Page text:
Prime Minister Boris Johnson will urge leaders of other wealthy countries to commit to vaccinating the world against Covid-19 by the end of next year.
He will lay out a target for global vaccination at a summit of the G7 group of advanced economies on Friday.
The US, France, Germany, Italy and Japan have all said how many doses they will donate to the global vaccine programme, Covax.
But the UK and Canada are yet to put figures on their planned contributions.
Ahead of the summit, which will take place in Carbis Bay, Cornwall, from 11 to 13 June, Mr Johnson said he will ask his counterparts to “rise to the greatest challenge of the post-war era” by “vaccinating the world by the end of next year”.
“I’m calling on my fellow G7 leaders to join us to end this terrible pandemic and pledge will we never allow the devastation wreaked by coronavirus to happen again,” he said.
Such an achievement would be the “single greatest feat in medical history”, he added.
The summit will be the G7 leaders’ first face-to-face meeting since the start of the pandemic, and US President Joe Biden’s first visit to the UK since taking office.
The US has pledged to donate 80 million doses to poorer countries, while other G7 countries have offered much smaller numbers.
There has been frustration from campaigners that the UK has not specified how many it will pledge, but BBC Global Health Correspondent, Naomi Grimley, says the prime minister will do so at the summit.
As well as dose-sharing, the UK will encourage more discussion about how manufacturing can be stepped up in the coming months.
So far, the UK has only vowed to donate surplus doses to the international Covax scheme, which aims to ensure fair access to vaccines among rich and poor nations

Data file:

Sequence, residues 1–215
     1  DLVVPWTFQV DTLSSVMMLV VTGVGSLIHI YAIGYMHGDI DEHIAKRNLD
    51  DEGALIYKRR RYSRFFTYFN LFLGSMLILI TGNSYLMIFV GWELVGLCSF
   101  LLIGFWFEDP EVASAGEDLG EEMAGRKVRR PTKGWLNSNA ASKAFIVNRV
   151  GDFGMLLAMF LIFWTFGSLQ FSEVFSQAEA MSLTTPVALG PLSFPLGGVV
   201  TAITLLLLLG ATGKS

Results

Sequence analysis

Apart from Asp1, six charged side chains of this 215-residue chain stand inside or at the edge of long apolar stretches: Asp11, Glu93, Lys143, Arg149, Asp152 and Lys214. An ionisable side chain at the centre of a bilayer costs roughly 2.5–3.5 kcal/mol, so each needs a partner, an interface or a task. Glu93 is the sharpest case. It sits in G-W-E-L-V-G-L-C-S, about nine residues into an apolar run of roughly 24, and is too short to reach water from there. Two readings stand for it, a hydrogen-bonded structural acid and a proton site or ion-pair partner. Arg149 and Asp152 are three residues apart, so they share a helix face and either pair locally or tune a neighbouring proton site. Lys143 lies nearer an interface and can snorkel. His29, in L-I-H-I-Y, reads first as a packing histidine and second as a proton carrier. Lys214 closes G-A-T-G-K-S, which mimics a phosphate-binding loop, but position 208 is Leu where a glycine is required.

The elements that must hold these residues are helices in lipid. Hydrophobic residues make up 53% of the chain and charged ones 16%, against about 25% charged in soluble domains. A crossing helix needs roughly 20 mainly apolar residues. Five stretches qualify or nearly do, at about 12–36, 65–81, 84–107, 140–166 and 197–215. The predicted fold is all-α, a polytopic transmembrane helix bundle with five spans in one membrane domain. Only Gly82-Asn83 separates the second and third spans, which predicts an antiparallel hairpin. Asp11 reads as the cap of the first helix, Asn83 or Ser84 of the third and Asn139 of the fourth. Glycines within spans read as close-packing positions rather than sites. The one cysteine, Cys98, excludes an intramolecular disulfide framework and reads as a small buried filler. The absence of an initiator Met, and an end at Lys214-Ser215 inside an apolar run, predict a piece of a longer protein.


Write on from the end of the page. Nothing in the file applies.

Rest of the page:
On Friday, Health Secretary Matt Hancock said: “At the moment we don’t have any excess doses, we’re just getting them into arms as quickly as possible.”
More than 40 million people in the UK (76.2% of adults) have had their first dose, according to the government’s coronavirus dashboard. Some 27 million people have had two doses (51.6% of adults) and are fully vaccinated.
In England, the gap between doses was reduced last month from 12 to eight weeks for people over 50 and those with severe underlying health conditions.
The NHS is urging those who have been asked to bring forward their second jab to rebook as soon as possible.
Military personnel have been brought in to help speed up the vaccine programme across the UK in the wake of a recent surge in cases partly driven by the Delta variant, which was first identified in India.
The UK has ordered more than 500 million doses of seven of the most promising vaccines, including the four so far approved for use.
Downing Street said the UK has “led efforts to ensure the world’s poorest and most vulnerable people have access to vaccines”, referring to its funding of the Oxford-AstraZeneca jab.
It said 96% of the 80 million doses administered by Covax have been supplied by AstraZeneca, and that the UK has given £548m to the scheme.